Robo-Graders: How Accurate Are They?I have always felt that it is grossly unfair that teachers are required to spend their leisure time performing tasks that should be paid on a per hour basis since it stands to reason that these dedicated individuals have lives apart from the school setting. Fortunately, in response to this concern, a programmer has designed new weapons for the teacher’s arsenal, called autoreaders, that will allow these often underpaid and underappreciated teachers of America to eliminate the countless hours spent reading and grading student essays.

In an attempt to prove that the teachers who actually groom our children and prepare them to be all they can be can reduce the time they now spend reviewing student work, I have chosen to evaluate this software. Remember, as you read this review, that this program would be a major component in how your child’s assignments are graded. In addition, however, you should be aware that, if this program is downloaded on your computer, your progeny could technically use it to test their essays prior to submission in order to judge what grade they should expect to receive on it. With my grandchildren in mind, I approached the software with excitement, wanting to learn all I could about how it functions.

As I began my own research, I came across a study of autoreaders that was conducted at the University of Akron by Mark D. Shermis (the Dean of the College of Education). According to the press release and subsequent report (linked below), the study covered six states, used 16,000 essays, and rated nine different auto readers. To verify the results of the study, they compared the grading software to essays that had been evaluated and graded by educators. The difference in locale and school grading policies as well as the qualifications of the educators ensured that the samplings covered a variety of grading styles.

The overall conclusion of the above study was that there was little, if any, variation between the scores assigned to the essays by the autoreaders and the educators. In addition, it was proven that while teachers spent between two and three minutes reading an individual essay, autoreaders could read and grade 16,000 essays in 20 seconds. But does speed really matter? Do people trust having their hard work examined by a machine rather than by a human?

While essay answers or reports may be more difficult to critique, one must remember that teachers have been using machines to grade multiple choice tests for years. For these type of tests, the automated process requires one to:

  • restrict using anything other than a number 2 pencil on the answer sheet.
  • make sure that any corrected answer is clearly marked and that the incorrect one is completely erased.
  • make sure that there are no marks between the lines as it will confuse the automated grading process.
  • understand that if two answers are accidentally marked, the answer will be considered incorrect.

So can autoreaders replace a teacher’s expertise in grading student essays?

My belief is that they may be able to assist teachers but, like with any software product, there are some limitations on their effectiveness. Some of these limitations were reported in an interview conducted by Micheal Winerip of the N.Y. Times with Les Perelman, a director of writing at the Massachusetts Institute of Technology. Mr. Perelman, in the interview, noted that there are still several reasons that teachers can’t rely totally on the results of an autoreader. Here are a few of the problems that Les Perelman noted in reference to one autoreader that he tested:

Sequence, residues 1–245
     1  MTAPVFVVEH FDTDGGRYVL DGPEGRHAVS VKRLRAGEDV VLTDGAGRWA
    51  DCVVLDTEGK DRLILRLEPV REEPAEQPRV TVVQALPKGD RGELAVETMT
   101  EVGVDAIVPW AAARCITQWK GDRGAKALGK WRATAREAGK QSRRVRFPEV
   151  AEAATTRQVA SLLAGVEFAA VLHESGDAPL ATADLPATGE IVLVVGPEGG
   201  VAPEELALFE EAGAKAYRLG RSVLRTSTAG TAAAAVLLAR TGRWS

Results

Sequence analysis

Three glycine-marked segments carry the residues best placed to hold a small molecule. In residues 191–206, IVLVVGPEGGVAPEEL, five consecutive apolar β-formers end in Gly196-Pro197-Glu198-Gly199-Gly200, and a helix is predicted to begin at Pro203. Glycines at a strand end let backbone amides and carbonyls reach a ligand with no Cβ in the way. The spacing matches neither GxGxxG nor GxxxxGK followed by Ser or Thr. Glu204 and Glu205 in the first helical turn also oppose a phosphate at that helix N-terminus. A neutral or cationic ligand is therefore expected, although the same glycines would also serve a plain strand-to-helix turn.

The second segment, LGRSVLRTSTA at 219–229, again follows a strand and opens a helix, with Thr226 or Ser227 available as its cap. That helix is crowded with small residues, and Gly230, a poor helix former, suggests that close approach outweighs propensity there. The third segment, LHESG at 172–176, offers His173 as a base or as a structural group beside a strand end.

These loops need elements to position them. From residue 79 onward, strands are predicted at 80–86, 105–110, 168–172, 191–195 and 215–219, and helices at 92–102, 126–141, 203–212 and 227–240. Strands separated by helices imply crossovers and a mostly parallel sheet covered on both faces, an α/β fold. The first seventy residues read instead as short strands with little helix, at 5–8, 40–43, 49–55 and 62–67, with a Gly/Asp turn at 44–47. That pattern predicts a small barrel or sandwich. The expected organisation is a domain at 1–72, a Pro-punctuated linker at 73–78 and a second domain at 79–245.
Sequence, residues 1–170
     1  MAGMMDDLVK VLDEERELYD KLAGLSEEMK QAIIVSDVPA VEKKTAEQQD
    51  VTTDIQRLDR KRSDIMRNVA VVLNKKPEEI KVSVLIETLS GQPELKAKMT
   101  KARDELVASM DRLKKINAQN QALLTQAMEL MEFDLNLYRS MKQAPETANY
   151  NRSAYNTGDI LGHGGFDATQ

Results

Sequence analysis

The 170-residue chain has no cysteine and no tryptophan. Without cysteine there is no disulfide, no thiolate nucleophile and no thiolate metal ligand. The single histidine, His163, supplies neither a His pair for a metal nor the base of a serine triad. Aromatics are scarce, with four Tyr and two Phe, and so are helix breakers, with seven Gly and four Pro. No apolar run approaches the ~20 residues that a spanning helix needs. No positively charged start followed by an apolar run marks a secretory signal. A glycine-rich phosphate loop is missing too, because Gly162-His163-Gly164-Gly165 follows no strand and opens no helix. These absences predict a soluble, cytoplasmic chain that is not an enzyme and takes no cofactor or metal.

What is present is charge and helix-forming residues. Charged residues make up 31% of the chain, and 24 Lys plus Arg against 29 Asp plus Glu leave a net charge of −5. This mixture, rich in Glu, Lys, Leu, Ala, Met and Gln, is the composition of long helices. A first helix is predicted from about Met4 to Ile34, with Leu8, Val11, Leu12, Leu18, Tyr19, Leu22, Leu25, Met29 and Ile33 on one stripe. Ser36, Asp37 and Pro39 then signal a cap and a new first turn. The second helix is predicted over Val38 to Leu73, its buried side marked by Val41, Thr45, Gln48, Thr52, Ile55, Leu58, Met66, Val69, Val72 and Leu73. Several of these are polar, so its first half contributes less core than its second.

• The software can be compromised with erroneous information and still give a passing grade.
  • Short sentences are downgraded, even though the sentences may be grammatically correct and purposeful for the essay.
  • The software was ineffective when analyzing poetry.
  • The software appears to automatically assign higher grades to longer essays.

But what I found really surprising was that Perelman claimed that two of his graduate students convinced him that they could write an Android app that would assign a passing grade to any essay of their choosing.

So what do the results of testing one software product mean?

I personally believe it just goes to show that no software is 100% perfect and it doesn’t matter which operating system we choose to use. It also doesn’t seem to matter how many firewalls or anti-virus programs we download since even government computers and credit card information has been found to be vulnerable to the myriad of hackers out there. Knowing that, how can anyone expect that a clever youngster isn’t going to find a way to backdoor a teacher’s autoreader?

So if we take this as a given, you still need to remember that this software has its value, especially if you, as a parent, use it as a tool to sharpen your child’s writing skills. Additionally, if you like to see how your child is doing before they turn an assignment in, the autoreader will make it easy for you to determine what should be changed before your child turns the assignment in to ensure the best grade possible. However, in this case, you may wish to use it only on elementary age students, who may not have the expertise or knowledge to circumvent the software to change their grade. However. when I see our 2.5-year-old granddaughter already using an Apple iPad, where decades ago a child of that age would be playing with wooden blocks, it becomes apparent how technologically advanced our youth have become, meaning that you will have to judge each child on an individual basis.

Comments welcome.

Source: Contrasting State-of-the-Art Automated Scoring of Essays: Analysis, Mark D. Shermis, The University of Akron

Source: NPR.org

Source: N.Y. Times

CC licensed Flickr photo above shared by teachandlearn